In FIG. 6, there is shown a simplified representation of a light deflecting apparatus using total reflection of a light beam at an interface between two refractive means. A transparent fluid channel is longitudinally divided by a transparent divider 91 into two triangular prism sections. One of these sections, i.e., ABC-EFG is filled with a transparent fluid or other medium having a suitable refractive index. The other section, i.e., ACD-EGI-I, is connected in the fluid conduit of an output of a fluid amplifier 92. One control input signal to the fluid amplifier 92 diverts the output fluid flow into the fluid channel 90 while another control input signal diverts the fluid flow into a reservoir 93. An output from the fluid channel 90 is, also, connected to the reservoir 93. By a suitable selection of the refractive index of the fluid from the fluid amplifier 92 and the angle of the divider in the channel 90, the absence of a fluid from the fluid amplifier 92 produces a total reflection of a traversing perpendicular light beam entering the channel 90 by exceeding the critical angle at the interface between the channel divider 91 and the empty fluid section. On the other hand, the presence of fluid in the fluid section allows the light beam to pass undisturbed through the fluid channel 90.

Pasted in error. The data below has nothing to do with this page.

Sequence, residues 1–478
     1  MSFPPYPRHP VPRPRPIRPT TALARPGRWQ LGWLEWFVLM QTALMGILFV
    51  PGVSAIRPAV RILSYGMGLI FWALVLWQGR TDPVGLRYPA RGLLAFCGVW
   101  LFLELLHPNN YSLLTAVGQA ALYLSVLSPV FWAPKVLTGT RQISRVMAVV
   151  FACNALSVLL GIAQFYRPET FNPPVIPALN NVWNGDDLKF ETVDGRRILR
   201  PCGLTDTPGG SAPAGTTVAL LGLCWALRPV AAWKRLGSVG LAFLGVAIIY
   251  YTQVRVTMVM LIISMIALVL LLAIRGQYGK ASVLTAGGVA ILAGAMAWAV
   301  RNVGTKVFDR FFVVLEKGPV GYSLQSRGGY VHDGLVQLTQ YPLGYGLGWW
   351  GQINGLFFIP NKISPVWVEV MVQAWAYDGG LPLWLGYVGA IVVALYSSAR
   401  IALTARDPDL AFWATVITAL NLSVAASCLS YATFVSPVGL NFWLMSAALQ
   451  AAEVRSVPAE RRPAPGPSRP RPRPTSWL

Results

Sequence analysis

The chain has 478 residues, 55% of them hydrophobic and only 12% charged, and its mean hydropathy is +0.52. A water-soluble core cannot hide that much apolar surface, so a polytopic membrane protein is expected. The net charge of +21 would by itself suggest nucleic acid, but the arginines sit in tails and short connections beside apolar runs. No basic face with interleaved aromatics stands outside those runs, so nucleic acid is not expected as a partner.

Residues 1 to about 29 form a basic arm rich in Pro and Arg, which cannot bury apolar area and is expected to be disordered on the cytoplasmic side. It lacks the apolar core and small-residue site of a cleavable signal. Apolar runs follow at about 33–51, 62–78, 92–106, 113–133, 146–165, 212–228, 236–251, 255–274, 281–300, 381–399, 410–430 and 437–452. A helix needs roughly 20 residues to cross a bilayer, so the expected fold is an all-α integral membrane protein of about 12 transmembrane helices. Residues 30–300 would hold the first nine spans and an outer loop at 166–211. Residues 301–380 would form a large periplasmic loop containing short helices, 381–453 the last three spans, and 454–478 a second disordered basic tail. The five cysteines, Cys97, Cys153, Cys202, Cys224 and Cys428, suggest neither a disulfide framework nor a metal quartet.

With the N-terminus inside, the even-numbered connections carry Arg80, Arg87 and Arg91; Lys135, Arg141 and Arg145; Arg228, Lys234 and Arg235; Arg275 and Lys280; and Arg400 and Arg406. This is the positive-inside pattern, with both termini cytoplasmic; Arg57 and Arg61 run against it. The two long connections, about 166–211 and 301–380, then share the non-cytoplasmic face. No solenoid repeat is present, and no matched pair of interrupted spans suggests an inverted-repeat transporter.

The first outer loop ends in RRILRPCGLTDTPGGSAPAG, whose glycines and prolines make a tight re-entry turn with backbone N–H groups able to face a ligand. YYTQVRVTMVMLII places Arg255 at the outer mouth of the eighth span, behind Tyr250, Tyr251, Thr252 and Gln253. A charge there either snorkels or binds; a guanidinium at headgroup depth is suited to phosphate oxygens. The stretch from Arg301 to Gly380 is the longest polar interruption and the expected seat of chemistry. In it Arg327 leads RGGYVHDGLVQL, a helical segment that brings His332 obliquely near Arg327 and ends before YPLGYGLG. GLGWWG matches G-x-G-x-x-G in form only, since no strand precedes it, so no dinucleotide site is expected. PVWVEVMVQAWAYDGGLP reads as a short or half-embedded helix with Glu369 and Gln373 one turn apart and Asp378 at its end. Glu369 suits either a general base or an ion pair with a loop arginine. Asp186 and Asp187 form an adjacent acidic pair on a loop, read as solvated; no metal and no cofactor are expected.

In FIG. 7, there is shown an extension of the apparatus shown in FIG. 6 to a deflection system having several available exit paths for a light beam depending on the number of adjacent fluid prisms filled with the refractive fluid.
In FIG. 8, the embodiment shown in FIGS. 6 and 7 is further extended to an X-Y deflection system using a first set of adjacent prism deflectors 98 for an X deflection and a second set of adjacent prism deflectors 99 for a Y deflection. The fluid supply system details in FIGS. 7 and 8 have been omitted for the sake of clarity but it is obvious that any of the previously described arrangements can be used. Obviously, the embodiments presented herein are not exhaustive of the combinations possible using the principles of this invention and, hence, the illustrated systems are only meant to be exemplary rather than limiting the scope of the invention.
What is claimed is:
1. In combination:
two prisms, lying surface-to-surface, and together defining an optical element of rectangular cross-section, at least one of said prisms being hollow and being initially filled with a fluid having substantially the same index of refraction as the other prism, whereby a ray of light entering said element normal to one of the surfaces of said rectangle, passes through both prisms without being deflected; and